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July 21, 2021 11:30 AM UTC

Westminster Recall Crashes And Burns, Gessler Still Makes Bank

  • by: Colorado Pols
Scott Gessler.

As Liam Adams of the Colorado Community Newspapers affiliate Westminster Window reports–the latest thinly-veiled partisan power play by Republicans hoping to rebuild their bench and base in municipal races, an attempted recall of a single Westminster city councilman nominally over water rates, failed yesterday by a lopsided margin:

Jon Voelz will keep his seat on Westminster City Council after unofficial results in Tuesday’s contentious, expensive election showed him with 62% of total votes.

“I’m glad the common sense of our residents prevailed,” Voelz said in a phone call Tuesday night. “This misleading, and wasteful and shameful recall is coming to an end. I look forward to continuing my work on city council.”

As we noted earlier this month, this recall election was (regardless of the outcome) one of the most egregious wastes of time and taxpayer dollars in Westminster’s history, since Jon Voelz is coming right back up for his regular re-election this fall:

Voelz’s seat is only safe until November when he must run for reelection. The recall election cost the city up to $250,000 to run because it was not part of a coordinated county election.

In addition to failing dismally in their campaign to recall Jon Voelz from office, the so-called “Westminster Water Warriors” wasted a quarter million taxpayer dollars by forcing a special election less than four months before the regular municipal elections in November. Unlike in the case of a frivolous lawsuit, there’s no provision by which the city can recover their expenses for a frivolous and needless recall election, but the timing and outcome of this effort make it one of the most brazen and ultimately self-immolating abuses of recall power we’ve ever seen.

But as the story continues, there is one winner. It’s the guy who, as Republican recall, coup attempts, and other assorted shenanigans come and go, always seems to come out the winner:

As of July 16, the Water Warriors fundraised a total of $19,606 and spent $21,383, most of which went to [Scott] Gessler in attorneys fees. As of July 7, the group still owed Gessler about $20,000.

Former Colorado Secretary of State Scott Gessler, who scooped up thousands in attorney’s fees from the failed 2019 recall attempt against Gov. Jared Polis and billed top dollar to the Trump campaign for his “expert testimony” on how the 2020 presidential election might have been stolen in Nevada (it wasn’t), is now $40,000 richer from the recall that cost Westminster taxpayers $250,000–assuming he collects the remaining $20,000 he’s owed, of course. It’s possible that the cost of Gessler’s treachery to society has never been more arithmetically quantifiable.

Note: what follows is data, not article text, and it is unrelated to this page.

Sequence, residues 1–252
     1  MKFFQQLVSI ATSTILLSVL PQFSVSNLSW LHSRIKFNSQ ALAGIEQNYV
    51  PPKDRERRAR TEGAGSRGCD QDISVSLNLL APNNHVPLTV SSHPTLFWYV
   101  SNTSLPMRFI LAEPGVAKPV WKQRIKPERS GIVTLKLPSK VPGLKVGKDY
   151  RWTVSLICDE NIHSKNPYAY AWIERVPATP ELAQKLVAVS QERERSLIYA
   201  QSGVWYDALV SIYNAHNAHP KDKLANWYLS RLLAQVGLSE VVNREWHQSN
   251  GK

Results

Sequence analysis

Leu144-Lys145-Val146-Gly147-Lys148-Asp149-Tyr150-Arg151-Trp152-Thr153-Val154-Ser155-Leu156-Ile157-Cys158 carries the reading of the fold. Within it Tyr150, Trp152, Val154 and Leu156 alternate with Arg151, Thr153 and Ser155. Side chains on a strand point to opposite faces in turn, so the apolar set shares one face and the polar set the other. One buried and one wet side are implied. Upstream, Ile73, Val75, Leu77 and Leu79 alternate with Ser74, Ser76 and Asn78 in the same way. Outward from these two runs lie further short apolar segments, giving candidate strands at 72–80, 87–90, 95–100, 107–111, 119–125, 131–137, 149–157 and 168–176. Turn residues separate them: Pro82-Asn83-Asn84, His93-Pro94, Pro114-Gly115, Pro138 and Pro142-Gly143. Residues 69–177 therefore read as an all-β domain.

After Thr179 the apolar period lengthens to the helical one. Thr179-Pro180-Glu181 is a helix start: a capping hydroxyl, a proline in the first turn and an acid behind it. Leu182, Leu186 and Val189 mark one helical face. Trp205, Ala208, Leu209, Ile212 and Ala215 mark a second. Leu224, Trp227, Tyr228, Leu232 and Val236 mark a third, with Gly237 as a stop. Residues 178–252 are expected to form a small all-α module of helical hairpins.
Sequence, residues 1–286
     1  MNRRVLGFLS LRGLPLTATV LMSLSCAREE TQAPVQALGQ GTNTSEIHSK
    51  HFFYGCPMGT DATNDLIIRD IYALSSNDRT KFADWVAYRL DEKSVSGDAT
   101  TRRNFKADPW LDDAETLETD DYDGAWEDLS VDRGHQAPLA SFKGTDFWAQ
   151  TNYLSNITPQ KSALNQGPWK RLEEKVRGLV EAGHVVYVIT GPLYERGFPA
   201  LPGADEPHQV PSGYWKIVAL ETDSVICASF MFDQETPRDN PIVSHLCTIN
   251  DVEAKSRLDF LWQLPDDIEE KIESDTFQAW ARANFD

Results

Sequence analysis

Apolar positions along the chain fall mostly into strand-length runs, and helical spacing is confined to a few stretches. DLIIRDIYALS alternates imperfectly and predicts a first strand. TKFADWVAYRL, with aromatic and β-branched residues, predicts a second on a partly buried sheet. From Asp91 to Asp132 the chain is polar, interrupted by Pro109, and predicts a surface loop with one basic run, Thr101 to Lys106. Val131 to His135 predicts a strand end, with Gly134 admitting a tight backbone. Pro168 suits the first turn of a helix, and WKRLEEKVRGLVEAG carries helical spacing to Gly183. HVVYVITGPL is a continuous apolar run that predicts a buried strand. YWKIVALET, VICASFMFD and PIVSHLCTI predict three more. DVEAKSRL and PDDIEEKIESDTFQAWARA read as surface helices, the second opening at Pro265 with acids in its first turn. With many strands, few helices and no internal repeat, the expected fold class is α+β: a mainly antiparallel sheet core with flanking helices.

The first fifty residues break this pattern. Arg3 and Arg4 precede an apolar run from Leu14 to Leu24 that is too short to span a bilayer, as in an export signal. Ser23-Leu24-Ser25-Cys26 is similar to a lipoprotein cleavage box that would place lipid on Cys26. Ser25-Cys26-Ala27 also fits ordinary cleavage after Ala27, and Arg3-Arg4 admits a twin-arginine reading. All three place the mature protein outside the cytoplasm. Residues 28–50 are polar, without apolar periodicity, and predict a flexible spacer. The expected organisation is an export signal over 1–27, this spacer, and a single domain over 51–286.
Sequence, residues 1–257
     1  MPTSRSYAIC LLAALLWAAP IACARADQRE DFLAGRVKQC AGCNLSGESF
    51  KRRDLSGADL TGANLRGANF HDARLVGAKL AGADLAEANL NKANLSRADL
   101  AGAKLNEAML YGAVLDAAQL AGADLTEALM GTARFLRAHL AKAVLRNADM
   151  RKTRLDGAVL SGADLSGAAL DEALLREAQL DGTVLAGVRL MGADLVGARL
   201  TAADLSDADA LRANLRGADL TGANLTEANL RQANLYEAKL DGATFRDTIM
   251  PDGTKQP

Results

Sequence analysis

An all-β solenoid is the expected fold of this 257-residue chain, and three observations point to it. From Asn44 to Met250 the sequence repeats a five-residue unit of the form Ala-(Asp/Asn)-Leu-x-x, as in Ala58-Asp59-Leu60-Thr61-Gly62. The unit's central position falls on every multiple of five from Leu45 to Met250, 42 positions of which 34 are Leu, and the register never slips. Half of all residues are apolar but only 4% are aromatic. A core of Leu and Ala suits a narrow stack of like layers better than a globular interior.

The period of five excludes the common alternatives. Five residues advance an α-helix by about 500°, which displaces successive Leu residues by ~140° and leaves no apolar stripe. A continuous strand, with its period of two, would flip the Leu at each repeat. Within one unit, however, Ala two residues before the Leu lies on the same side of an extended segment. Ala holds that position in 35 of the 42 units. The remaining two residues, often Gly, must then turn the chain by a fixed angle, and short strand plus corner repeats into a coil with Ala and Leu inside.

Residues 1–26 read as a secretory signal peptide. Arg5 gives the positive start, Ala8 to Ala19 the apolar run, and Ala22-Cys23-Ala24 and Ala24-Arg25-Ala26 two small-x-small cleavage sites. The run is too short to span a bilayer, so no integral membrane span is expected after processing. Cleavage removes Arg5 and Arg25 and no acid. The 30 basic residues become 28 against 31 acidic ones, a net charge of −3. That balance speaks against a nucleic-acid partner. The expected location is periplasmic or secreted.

Just like the third certain to fail recall attempt against Gov. Polis now maybe getting underway, as long as there’s a single dollar to grift from these half-baked operations there will be folks with more time than credibility ready to undertake them. At some point, though, even the most fact-impervious rabblerouser on the right has got to realize that they are all being, at the end of the day, fleeced by usual suspects up the food chain who have no interest whatsoever in their success.

“Honey Badger,” well and truly, doesn’t give a shit.


21 thoughts on “Westminster Recall Crashes And Burns, Gessler Still Makes Bank

  1. Someone needs to explain this to me:

     – If a person is being recalled, they are in office and were elected by the majority of voters.

     – If a recall election occurs, all taxpayers (I realize many taxpayers do not vote) are held responsible for the costs of the recall election. That said, the majority of voting taxpayers are being required to pay for a recall election that they may not agree with.

    What I need to have explained is why are recall elections not required to fund the entire process themselves? 


    1. I don't know the answer PMan,but that is a very good question. Lately recalls are nothing more than silly grandstanding exercises in futility. Why should tax dollars be wasted on them ?

    2. Recall elections were a Progressive Movement innovation … "Progressives wanted to strengthen the control of the people over the levers of government, while reducing the influence of the special interests, and the recall power was one way of accomplishing this goal."  Constitutions allow for impeachment for crimes or corruption; the recall was an equivalent power for the people — some thought the legislatures would be incapable of rendering nonpartisan verdicts (imagine!). .